After Romeo & Juliet, Harper Lee’s novel To Kill a Mockingbird may be the most common staple of high school English class. The book has sold over 30 million copies since being published in 1960, but Lee has never released any other work. Until now.
In a statement, the publisher Harper (an imprint of HarperCollins, not related to Harper Lee) announced today that another Lee book, Go Set a Watchman, will be released July 14. Also: It’s a sequel to Mockingbird, featuring a twentysomething Scout Finch as a young woman returning home from New York. Or more appropriately, Mockingbird is actually a prequel, because as the Associated Press reports, Lee wrote Watchman first, before being convinced to instead write about Scout as a young girl. The book is being published without revisions, according to HarperCollins.
Those are the details that reports agree on. It’s a potential boon for educators, who have treasured and taught Mockingbird for decades. It’s the chance to see how the people of Maycomb developed, and how Scout matured; think of all the new connections to be made and the new reflections on race and civil rights that can be imbued in new generations. (And old ones.)
But here it gets tricky, because the circumstances of the publishing are ... curious.
Harper Lee had an older sister, Alice, and the latter doubled as a lawyer for the former. As Alice got older, she began handing off legal duties to a younger member of her firm, Tonja Carter.
In 2011, Penguin Books announced a new biography of Harper Lee written by former Chicago Tribune reporter Marja Mills. Mills had spent a great deal of time with both Lee sisters, and purportedly had the blessings of each for the biography.
After the Penguin announcement, though, Harper Lee issued a statement saying that she had never authorized a biography. Alice Lee, however, wrote a letter to Mills saying that Carter had written that statement out and had Harper Lee sign it. This wasn’t tough to accomplish, apparently; Harper Lee had suffered a debilitating stroke in 2007, and according to Alice’s letter, “Poor Harper can’t see and can’t hear and will sign anything put before her by any one in whom she has confidence. Now she has no memory of the incident.”
According to an investigation by Michelle Dean, at Gawker, Carter has been involved in other legal disputes involving Lee’s works that seem to have questionable authorization from Lee herself.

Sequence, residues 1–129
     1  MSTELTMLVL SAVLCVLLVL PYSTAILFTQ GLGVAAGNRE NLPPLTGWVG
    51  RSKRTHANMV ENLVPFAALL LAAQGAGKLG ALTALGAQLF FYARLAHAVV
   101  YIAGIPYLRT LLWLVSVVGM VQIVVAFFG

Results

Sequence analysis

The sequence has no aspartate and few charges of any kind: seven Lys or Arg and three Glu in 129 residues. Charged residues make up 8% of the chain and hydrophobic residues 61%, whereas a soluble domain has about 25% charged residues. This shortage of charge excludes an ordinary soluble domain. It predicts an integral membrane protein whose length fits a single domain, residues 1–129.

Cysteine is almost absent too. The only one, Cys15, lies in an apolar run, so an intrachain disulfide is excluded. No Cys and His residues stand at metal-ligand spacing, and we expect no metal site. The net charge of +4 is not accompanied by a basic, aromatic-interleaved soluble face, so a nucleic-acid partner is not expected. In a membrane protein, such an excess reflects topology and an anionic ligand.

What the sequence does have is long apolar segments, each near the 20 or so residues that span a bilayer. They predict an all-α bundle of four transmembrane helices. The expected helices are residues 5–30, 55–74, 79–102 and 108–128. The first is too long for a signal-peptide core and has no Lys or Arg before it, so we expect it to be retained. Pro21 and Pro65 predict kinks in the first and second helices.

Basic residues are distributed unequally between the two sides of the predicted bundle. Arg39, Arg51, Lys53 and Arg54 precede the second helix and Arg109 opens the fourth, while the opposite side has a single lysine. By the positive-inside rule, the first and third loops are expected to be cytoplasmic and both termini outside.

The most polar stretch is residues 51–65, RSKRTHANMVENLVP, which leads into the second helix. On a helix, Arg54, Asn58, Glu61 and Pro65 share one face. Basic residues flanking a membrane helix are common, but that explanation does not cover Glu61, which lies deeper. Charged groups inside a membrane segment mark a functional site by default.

Harper Lee is now 88 years old. Alice Lee died in November. And now, less than three months later, a new book by the famously private and yet signature-happy Harper Lee is being announced. In Lee’s statement announcing Watchman, she was “so surprised and delighted when my dear friend and lawyer Tonja Carter discovered it.” Harper Lee might have lost the transcript at some point, but if she’d wanted it published, it’s hard to believe she didn’t do so sometime in the five decades following Mockingbird.
Maybe there’s too much gossip in the details, too much defensiveness or public relations or forgetfulness, to grasp the full picture of what’s happening here. Maybe Harper Lee is in full control, and just relaxing the reins a little; after all, Alice was still alive when Lee allowed publishers to begin offering To Kill a Mockingbird as an ebook in July.
But books are a reflection of their authors; what if the book we get isn’t actually the book Harper Lee would write again given the chance? (She’s clearly not in a position to make edits.) What influence does the new book have on To Kill a Mockingbird? For 55 years, we have read and learned about these characters; we have seen them memorialized in cinema. As we prepare to find out what became of Atticus and Scout Finch, what if we don’t like it? And what if this is all happening in spite of what Harper Lee actually intended, in order for HarperCollins to sell more books?
To Kill a Mockingbird is, in part, a book about the harms of exploitation; how sad it would be if those caring for its author never learned that lesson.
Image: “Mockingbirds don’t do one thing except make music for us to enjoy.” Credit: TexasEagle/Flickr Creative Commons
A version of this news article first appeared in the Teaching Now blog.